Quartz editor-in-chief Kevin Delaney recently interviewed billionaire philanthropist and Microsoft Corporation (Nasdaq: MSFT) co-founder Bill Gates, where the richest man in the world, as reported by Forbes, expressed his belief that with automated solutions replacing human workers, taxes will need to be paid by robots to make up for lost revenue that currently funds important social service programs.
Gates finds the situation where a person earning a salary of $50,000, and paying a portion of their income to the government in taxes, being replaced by a robot that pays none, unsustainable.
“What the world wants is to take this opportunity to make all the goods and services we have today and free up labor — let us do a better job of reaching out to the elderly, having smaller class size, [and] helping kids with special needs.”
The technology icon described how fields that require “empathy” and “human understanding” continue to experience an “immense shortage” of qualified workers. Gates spoke of a hope that workers that may be freed up by automation may be able to be transition in to these fields, bringing society “ahead” on a net basis. He insisted that governments will not be able to “just give up” revenue generated from taxing employment income.
Gates believes that there may be a balance, perhaps where more efficient robots are not taxed as highly as their human counterparts, and that additional income may be generated from their efficiency, protecting the profit motive of firms involved in producing automated solutions. He stated that he doubts producers would be “outraged” if policy was implemented that prescribed that a government should tax robots.
McKinsey & Company reports that up to 45 percent of jobs currently completed by humans could eventually become automated.
Chief executive of Tesla, Inc. (Nasdaq: TSLA), Elon Musk, has also put some consideration into how the world might look as robotics and automation continue to replace humans. Musk has spoken out in favor of a universal basic income to replace income lost by the workforce, as reported by Basic Income News.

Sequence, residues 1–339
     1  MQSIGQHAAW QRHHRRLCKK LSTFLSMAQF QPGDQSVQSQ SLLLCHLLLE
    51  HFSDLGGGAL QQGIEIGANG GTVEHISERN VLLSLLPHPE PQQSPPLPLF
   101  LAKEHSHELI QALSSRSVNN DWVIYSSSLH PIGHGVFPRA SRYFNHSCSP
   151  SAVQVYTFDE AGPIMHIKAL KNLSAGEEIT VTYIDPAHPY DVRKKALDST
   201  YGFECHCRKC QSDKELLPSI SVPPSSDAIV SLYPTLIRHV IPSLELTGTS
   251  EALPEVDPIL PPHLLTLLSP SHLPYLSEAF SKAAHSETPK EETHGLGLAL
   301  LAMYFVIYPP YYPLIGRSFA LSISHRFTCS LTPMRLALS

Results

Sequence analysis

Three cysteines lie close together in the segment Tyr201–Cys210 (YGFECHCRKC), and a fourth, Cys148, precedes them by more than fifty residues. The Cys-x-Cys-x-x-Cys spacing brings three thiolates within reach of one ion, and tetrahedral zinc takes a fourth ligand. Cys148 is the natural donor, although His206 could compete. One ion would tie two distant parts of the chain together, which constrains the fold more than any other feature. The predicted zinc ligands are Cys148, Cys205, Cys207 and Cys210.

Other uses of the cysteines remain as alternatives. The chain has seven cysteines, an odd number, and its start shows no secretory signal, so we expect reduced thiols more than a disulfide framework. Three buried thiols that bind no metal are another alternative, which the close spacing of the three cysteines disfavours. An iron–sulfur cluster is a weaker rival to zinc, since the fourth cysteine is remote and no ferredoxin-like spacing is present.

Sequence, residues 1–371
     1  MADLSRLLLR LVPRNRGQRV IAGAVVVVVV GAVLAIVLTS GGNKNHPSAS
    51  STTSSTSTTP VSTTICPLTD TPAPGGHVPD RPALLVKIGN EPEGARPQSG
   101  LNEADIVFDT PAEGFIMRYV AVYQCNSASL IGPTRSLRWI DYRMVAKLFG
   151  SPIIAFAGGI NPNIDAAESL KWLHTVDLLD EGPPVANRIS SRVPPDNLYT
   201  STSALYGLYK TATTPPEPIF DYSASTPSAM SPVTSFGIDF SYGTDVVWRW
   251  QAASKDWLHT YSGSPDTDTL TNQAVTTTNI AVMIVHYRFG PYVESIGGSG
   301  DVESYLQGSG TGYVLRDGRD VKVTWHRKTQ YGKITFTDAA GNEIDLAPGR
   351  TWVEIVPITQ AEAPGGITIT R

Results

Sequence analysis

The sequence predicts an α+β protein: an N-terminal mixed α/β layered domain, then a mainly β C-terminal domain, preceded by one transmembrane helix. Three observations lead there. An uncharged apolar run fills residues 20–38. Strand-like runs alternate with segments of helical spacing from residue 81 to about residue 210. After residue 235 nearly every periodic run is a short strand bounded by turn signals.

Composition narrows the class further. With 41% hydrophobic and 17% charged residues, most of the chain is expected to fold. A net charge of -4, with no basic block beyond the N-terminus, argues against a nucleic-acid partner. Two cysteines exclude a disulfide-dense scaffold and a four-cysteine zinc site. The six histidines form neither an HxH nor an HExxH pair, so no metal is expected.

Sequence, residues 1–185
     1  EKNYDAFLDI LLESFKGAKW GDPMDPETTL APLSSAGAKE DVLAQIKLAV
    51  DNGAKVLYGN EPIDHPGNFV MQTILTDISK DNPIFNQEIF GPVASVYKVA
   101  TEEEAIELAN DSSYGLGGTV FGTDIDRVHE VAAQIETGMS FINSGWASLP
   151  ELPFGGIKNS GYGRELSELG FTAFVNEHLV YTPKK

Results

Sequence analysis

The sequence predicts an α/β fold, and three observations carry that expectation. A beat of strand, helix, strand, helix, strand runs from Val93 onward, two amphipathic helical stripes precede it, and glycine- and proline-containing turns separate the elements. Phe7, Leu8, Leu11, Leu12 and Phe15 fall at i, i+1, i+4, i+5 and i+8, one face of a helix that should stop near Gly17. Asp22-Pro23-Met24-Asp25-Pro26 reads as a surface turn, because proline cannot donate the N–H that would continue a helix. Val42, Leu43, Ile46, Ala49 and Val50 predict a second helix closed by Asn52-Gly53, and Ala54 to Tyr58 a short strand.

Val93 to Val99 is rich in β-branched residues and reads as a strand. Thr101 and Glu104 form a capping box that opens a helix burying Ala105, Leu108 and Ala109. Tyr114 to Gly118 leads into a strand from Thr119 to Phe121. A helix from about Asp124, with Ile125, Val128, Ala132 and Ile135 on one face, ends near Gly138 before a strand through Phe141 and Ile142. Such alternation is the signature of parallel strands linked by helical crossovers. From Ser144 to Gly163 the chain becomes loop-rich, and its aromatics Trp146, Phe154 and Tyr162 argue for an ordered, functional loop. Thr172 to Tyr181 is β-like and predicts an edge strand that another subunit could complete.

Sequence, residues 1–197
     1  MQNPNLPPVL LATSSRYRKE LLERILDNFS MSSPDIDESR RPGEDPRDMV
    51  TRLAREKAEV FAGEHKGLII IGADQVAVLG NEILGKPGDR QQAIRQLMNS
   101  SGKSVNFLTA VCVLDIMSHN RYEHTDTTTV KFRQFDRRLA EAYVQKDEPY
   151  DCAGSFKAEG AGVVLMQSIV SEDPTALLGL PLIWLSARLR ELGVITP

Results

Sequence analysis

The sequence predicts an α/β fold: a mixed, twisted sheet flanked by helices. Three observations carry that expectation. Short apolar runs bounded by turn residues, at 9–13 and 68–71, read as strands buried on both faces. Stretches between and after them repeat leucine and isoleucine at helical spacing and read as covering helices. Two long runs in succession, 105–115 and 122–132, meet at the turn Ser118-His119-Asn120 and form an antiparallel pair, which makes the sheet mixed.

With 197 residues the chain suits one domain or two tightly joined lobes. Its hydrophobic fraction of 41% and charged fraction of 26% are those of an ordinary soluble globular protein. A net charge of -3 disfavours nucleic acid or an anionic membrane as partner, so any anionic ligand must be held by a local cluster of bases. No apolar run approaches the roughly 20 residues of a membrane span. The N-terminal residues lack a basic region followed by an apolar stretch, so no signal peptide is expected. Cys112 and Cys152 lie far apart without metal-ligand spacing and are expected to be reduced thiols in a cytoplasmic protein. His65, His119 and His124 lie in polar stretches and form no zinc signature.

Business Insider reports that Bill Gates has criticized simply handing money to people in the form of “one-time transfers,” but notes that comments from the billionaire with regard to a universal basic income are elusive.
“Almost everything will get very cheap. I think we’ll end up doing universal basic income,” Elon Musk was recently quoted. “It’s going to be necessary. The much harder challenge is, how are people going to have meaning?”
Something else that has been on the mind of Gates, which he spoke about in January at the The Coalition for Epidemic Preparedness Innovations in Davos, Switzerland, is a natural or human-caused pandemic, as reported by Business Insider. Gates believes that the threat of a pandemic is a “global” one and finds that there is currently a lack of preparedness for a situation that could result in “an excess 10 million deaths.” He described recent responses to flu epidemics as not being “super good.”
Bill Gates stated that the problem surrounding preparing for a pandemic is a “tricky” one, because of the disparity of wealth observed by different nations, and deciding which should be responsible for providing what resources. The 61-year-old listed smallpox, flu outbreaks, Zika, and Ebola as being of major concern. He said that there was “some luck” with the Ebola virus, because it was not airborne and that it did not spread as far, or as quickly, as it otherwise might have.
When considering the consequences of a pandemic, either as domestic policy or as a purely humanitarian issue, Bill Gates believes that “these are investments that should be made.” In a opinion piece published with Business Insider, Gates discusses the possibility of a pandemic caused by a terrorist attack.
[Featured Image by Carl Court/Getty Images]